SEOUL, Sept. 23 (Yonhap) -- A revision bill will take effect this week to allow a police officer to go undercover when investigating online sex crimes against minors, police said Thursday.
The Korea National Police Agency (KNPA) said investigators can hide or disguise their identities to approach potential offenders to secure criminal evidence under the revised Act of the Protection of Children and Youth Against Sex Offenses, which will go into effect Friday.
With a court warrant, undercover operatives can also use fake identifications and disguises to buy, sell or advertise sexually exploitative content involving minors in order to catch individual sexual predators or infiltrate criminal organizations to bust them.
A spate of serious sex crimes against underage girls last year has redoubled the need for investigators to operate in a more covert way. Most criminal activities took place secretively -- and elusively -- on highly encrypted messaging applications like Telegram.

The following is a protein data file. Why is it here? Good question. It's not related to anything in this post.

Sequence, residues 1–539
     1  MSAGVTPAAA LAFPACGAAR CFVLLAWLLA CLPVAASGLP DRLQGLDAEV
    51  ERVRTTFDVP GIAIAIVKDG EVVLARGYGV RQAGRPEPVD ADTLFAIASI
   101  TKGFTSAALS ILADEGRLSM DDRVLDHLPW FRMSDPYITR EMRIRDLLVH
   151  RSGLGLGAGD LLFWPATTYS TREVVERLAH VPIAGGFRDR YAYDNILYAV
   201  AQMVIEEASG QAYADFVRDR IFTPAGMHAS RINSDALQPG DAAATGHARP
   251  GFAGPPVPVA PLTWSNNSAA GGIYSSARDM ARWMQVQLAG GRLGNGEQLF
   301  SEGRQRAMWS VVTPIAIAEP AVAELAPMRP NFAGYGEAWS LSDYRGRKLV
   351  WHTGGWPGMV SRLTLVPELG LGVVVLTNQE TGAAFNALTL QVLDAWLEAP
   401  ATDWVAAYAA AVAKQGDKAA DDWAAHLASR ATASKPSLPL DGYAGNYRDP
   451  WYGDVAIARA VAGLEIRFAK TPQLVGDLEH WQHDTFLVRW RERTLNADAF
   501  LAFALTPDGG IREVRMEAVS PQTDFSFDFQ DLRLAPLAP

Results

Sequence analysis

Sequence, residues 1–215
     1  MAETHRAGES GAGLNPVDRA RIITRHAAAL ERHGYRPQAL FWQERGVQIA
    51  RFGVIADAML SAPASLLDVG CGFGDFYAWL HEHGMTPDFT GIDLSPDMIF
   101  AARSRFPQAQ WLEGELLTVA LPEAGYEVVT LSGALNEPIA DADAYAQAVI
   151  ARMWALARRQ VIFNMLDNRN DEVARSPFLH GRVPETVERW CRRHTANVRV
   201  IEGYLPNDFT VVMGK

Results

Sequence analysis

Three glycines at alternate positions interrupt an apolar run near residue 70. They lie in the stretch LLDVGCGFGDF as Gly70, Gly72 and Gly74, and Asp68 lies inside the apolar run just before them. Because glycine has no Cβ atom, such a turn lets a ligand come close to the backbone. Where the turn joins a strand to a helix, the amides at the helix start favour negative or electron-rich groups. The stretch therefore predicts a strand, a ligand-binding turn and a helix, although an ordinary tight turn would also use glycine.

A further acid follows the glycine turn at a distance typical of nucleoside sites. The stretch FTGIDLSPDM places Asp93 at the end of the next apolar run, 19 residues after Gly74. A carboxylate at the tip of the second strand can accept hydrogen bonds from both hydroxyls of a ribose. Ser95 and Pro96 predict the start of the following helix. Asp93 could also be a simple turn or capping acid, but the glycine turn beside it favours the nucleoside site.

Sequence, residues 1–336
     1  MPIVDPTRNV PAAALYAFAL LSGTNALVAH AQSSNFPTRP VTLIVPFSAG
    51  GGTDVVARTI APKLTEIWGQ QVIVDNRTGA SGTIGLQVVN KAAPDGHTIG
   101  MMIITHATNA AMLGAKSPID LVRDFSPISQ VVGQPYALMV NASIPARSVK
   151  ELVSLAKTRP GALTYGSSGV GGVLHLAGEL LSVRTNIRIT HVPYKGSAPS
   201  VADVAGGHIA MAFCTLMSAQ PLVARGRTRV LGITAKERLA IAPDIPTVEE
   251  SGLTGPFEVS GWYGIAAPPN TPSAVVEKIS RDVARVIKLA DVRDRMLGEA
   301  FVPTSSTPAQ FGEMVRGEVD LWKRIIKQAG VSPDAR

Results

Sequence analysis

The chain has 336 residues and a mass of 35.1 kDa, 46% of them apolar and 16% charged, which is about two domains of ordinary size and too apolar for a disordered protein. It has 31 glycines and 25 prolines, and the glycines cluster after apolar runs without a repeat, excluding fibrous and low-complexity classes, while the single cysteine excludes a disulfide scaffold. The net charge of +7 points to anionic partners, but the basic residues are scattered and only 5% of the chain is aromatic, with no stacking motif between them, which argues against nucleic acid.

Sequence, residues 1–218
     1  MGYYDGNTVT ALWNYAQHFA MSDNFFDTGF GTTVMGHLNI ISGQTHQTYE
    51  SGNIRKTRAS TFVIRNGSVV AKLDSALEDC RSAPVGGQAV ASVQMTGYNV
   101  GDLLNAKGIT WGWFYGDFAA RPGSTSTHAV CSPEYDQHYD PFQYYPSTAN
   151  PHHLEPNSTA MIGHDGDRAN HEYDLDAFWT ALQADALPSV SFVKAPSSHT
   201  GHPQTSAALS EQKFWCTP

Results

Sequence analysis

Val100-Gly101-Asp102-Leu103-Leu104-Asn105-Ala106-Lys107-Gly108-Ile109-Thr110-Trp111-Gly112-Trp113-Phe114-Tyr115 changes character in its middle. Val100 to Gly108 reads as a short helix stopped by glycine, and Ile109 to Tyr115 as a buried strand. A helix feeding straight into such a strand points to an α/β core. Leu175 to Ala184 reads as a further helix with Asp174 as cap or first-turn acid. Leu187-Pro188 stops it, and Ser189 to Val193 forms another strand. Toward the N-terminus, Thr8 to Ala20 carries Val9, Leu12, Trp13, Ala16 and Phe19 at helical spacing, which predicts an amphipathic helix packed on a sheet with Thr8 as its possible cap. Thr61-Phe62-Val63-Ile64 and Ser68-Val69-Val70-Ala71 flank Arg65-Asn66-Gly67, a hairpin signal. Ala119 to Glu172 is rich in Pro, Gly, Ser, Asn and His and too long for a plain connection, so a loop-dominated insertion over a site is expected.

In June, Cho Ju-bin, the mastermind behind a notorious Telegram sexual exploitation ring, was sentenced to 42 years in prison on charges of violating laws protecting minors from sexual abuse, operating a criminal ring and concealing criminal proceeds.
The KNPA have chosen 40 investigators from police agencies around the country for the secret duties and said they will continue to review and revise the undercover investigation system. The number of assigned officers will be increased down the road, they said.
Under the relevant law, those who repeatedly send online messages causing sexual shame or hate to children or trick them into doing sexual activities with the intention of sexually exploiting them will face a penalty of up to three years in prison or a fine of 30 million won (US$26,000).
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